Things were not too bad when the transfer window was open, however once it slammed shut (why cannot it have closed with an elegant swoosh) there was little to write about.
So what is a bad start has become a disaster that must be written about hundreds of hundreds of times, with analysis, stats and a tonne of judgements. Fortunately with Wayne Rooney breaking the English goal scoring record should keep them satiated for a little while.
However I do not hold out much faith, I am sure in the previews for the weekend ahead we will again be debating
Last night John Terry was being defended from a source Chelsea fans may think unlikely former Tottenham manager Harry Redknapp gave a robust defense of the Chelsea captain.
Speaking at a Telegraph football event in Victoria about the transfer window, Redknapp was in fine form talking about a range of issues from Behraino, scouting players and the challenges the window presents.
When speaking about Chelsea and John Terry, Redknapp said
John Terry’s legs have not gone, he was player of the season last year and carried Chelsea, he is a fighter and will not go down without a fight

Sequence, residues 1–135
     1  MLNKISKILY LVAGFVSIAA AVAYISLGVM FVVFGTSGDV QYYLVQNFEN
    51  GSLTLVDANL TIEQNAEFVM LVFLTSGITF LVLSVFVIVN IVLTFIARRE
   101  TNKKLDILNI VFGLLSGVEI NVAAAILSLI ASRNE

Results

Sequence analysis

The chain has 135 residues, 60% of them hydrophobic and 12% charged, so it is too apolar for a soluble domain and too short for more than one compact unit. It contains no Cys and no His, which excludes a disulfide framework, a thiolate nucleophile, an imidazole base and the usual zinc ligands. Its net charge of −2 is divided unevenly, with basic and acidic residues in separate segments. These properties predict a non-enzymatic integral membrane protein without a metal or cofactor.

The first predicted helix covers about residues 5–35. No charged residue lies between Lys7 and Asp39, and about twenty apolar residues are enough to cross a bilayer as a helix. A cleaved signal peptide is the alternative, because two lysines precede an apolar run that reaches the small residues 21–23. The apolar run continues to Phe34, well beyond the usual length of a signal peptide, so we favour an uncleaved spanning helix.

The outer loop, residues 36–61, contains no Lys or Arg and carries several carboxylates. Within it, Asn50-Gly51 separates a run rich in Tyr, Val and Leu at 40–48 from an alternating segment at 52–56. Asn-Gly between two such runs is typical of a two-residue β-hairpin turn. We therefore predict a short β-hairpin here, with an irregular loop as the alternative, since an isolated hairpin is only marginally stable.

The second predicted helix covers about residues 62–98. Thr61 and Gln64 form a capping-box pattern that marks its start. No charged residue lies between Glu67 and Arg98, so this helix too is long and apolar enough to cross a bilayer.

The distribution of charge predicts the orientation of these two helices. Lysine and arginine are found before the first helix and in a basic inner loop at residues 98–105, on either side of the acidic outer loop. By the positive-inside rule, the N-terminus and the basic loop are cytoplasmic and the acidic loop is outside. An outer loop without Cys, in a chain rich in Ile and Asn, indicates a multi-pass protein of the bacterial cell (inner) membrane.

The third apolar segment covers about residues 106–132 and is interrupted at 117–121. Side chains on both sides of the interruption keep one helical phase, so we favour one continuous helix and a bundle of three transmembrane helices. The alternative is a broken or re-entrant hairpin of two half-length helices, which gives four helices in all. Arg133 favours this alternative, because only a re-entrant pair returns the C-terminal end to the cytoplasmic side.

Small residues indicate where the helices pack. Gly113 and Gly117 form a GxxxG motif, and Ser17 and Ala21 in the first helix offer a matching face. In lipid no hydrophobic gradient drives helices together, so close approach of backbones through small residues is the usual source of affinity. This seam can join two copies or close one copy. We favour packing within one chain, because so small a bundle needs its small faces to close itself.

This viewpoint is of no surprise as the Chelsea captain has had a couple of bad games and this does not constitute the end of a career. Terry has been the talisman of the team for so long it is time that the current squad steps up and supports him.
John Terry has the experience and the talent to adapt his game to his ageing body, he really is Mr Chelsea and will keep fighting for the team whatever the media is saying. John Terry is a Chelsea legend and I have full faith in his ability and place in the team.
The form of the team is a collective thing, so far the team have been poor across the board at the start of the season. Key players have simply not put the performances in that you would expect based on their pedigree, it is time for them to step up and do a job for the team.
It is easy to forget that this is the same team that won the league by 8 points, it is about time the players remembered this and started acting like it.
Whatever happens, we have a few weeks to regroup, Terry is not on international duty, once his suspension is over he will be biting at the bit to prove a point. It is not often I agree with Harry Redknapp, but on Terry he is on point.
Something strange is happening at Stamford Bridge, Chelsea have gone from targeting £30m defenders to unproven centre backs for peanuts from second rate French clubs (no offence Nantes).
The whole season so far has had a sour taste to it and the club’s transfer dealings have the same disjointed feel to them. With hours left in the transfer window we appear to be scrabbling around for scraps.